J&J boosters are on the horizon for everyone who got that shot – regardless of age, job, or health

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Unlike Pfizer and Moderna’s booster shot applications, which the FDA authorized only for certain groups, J&J’s extra dose will be available to anyone who received the first shot once it’s authorized. Brendan McDermid/Reuters

The roughly 15 million Americans who received the one-shot Johnson & Johnson vaccine are poised to be eligible to roll up their sleeves for a second dose. On Friday, the Food and Drug Administration’s expert panel voted unanimously to recommend the authorization of J&J’s booster shot.

Unlike Pfizer and Moderna’s booster shots, which the FDA greenlit only for certain groups, J&J’s extra dose would be recommended to anyone who got the first shot, regardless of their age, occupation, or health status, once it’s authorized.

The FDA panel’s recommendation is a bit of good news after J&J’s single-dose vaccine suffered a kind of fall from grace during its rollout. At one point, a factory error led vaccine ingredients to be improperly mixed, and then the CDC issued a pause on the vaccine while it examined the risk of an an extremely rare blood clot condition. Regulators later added a warning label for women under 50.

After that, recipients waited through months of silence from the Centers for Disease Control and Prevention and the FDA about the possibility of J&J boosters. All the while, health officials regularly updated Americans about the possibility of third Pfizer and Moderna doses.

Finally, in late September, J&J released trial results showing that two doses of its vaccine led to 94% protection against mild to severe COVID-19, up from the 74% efficacy found in the trial of its single shot. The data, which was not peer reviewed, put a two-shot J&J vaccine on par with Pfizer and Moderna’s mRNA vaccines.

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Johnson & Johnson’s COVID-19 vaccine was designed to be a one-and-done single shot. But boosters are likely on the way. Allen J. Schaben/Los Angeles Times via Getty Images

The FDA found a few issues with those results, however. On Wednesday, the agency released documents that suggested J&J’s booster shot application lacked sufficiently robust clinical trial data. In addition to using a low sensitivity lab test in its trial, the FDA found, J&J’s application included a study of just 17 participants who’d gotten boosters after six months – a very small sample size.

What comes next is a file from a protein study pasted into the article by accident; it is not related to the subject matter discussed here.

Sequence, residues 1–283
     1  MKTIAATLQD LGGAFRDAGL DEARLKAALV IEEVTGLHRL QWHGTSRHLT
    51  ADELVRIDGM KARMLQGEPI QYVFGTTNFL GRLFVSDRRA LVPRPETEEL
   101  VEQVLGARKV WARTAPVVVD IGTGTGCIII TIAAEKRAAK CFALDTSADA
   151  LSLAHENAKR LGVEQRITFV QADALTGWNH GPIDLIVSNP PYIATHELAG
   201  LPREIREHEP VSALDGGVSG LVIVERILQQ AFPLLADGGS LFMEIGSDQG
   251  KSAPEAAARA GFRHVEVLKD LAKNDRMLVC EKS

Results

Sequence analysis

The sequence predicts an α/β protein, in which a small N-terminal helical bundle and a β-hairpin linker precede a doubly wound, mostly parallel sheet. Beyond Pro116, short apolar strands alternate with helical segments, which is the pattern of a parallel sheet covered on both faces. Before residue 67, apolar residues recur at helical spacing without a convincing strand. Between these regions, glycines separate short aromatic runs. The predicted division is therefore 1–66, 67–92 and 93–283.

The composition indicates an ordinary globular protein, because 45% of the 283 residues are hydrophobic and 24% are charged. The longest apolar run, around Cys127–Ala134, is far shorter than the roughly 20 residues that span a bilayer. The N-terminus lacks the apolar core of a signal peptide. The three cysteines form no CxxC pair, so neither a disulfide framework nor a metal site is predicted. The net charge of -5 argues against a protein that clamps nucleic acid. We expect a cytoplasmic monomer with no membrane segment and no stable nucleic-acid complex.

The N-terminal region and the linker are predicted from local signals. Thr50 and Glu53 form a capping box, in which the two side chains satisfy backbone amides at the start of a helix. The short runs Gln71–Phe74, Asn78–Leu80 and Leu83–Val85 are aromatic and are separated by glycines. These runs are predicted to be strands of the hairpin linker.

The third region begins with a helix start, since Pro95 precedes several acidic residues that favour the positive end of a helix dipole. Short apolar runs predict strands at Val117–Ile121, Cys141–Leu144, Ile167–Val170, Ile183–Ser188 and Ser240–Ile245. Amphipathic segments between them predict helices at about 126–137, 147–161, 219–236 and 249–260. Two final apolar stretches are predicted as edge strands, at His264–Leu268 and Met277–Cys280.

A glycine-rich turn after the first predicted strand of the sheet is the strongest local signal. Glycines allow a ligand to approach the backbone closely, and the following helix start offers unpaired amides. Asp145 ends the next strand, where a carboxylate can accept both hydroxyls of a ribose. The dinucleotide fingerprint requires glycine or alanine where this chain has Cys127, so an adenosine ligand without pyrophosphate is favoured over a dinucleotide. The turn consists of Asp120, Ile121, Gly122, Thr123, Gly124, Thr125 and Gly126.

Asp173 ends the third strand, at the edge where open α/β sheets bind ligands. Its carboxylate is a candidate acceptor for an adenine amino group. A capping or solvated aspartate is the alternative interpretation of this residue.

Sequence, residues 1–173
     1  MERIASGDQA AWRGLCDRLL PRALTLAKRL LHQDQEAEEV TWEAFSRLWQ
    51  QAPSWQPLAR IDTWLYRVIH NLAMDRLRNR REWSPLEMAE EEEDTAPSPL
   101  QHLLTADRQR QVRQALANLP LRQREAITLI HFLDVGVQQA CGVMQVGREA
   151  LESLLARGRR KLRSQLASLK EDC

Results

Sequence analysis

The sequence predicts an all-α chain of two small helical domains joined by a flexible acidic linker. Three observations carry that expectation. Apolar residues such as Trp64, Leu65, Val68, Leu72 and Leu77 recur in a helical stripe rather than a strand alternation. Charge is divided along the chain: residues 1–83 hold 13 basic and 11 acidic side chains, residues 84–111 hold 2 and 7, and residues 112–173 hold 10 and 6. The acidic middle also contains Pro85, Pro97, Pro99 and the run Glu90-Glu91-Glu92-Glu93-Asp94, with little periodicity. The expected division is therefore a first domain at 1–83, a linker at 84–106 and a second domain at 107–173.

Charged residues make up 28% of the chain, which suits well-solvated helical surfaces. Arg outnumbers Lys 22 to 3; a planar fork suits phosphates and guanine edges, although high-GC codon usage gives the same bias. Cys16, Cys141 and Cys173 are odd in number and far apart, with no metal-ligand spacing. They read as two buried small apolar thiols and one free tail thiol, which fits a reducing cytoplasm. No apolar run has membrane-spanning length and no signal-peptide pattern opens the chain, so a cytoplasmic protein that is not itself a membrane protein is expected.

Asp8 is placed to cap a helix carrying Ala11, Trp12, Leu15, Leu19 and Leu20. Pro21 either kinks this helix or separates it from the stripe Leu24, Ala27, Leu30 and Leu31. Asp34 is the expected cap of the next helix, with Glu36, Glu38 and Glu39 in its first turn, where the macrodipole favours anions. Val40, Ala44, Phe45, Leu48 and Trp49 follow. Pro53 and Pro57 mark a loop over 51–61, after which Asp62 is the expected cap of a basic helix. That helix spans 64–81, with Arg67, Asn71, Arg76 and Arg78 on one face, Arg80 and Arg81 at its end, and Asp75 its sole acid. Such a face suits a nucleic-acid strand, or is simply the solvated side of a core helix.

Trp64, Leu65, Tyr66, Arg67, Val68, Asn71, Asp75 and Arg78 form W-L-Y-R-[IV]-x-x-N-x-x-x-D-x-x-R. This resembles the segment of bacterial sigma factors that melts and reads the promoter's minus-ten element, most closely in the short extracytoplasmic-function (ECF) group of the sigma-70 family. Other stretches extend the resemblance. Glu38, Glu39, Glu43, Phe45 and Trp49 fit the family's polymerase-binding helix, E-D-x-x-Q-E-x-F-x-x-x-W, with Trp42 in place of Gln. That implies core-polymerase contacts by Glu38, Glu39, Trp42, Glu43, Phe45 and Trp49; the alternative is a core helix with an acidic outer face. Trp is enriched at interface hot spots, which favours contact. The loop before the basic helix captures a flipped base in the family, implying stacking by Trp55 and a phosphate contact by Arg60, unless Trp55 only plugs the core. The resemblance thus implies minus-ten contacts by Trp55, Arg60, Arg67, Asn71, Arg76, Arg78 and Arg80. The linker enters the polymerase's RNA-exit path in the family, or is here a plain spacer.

But J&J submitted stronger evidence, including a dataset of 16,000 participants, in support of giving booster shots after two months. (That dataset has not yet been independently reviewed by the FDA, however.)

Another factor for J&J recipients to consider is that despite the FDA committee’s unanimous recommendation in favor of a booster shot, it appears that mixing and matching vaccines – topping off one dose of J&J with a Pfizer or Moderna shot – may trigger a better immune response than two J&J doses.

A preprint study, funded by the National Institutes of Health and released on Wednesday, looked at 458 people who had been vaccinated with one of the three US vaccine brands, then gotten a mix-and-match booster. Researchers found that J&Jers who got a J&J booster saw a 4.2-fold boost in neutralizing antibody levels, on average. By comparison, J&Jers who were topped off with a Moderna or Pfizer dose saw 76-fold and 35-fold increases in their antibodies, respectively.

“What the study shows is that regardless of what an individual received originally, getting boosted with one of the three vaccines that we evaluated, the one from Moderna, the one from Janssen, the one from Pfizer, led to good antibody responses in each of the groups,” Dr. Robert Atmar, an infectious-disease professor at Baylor College of Medicine who led the study, previously told Insider.

Hilary Brueck, and Andrew Dunn contributed reporting.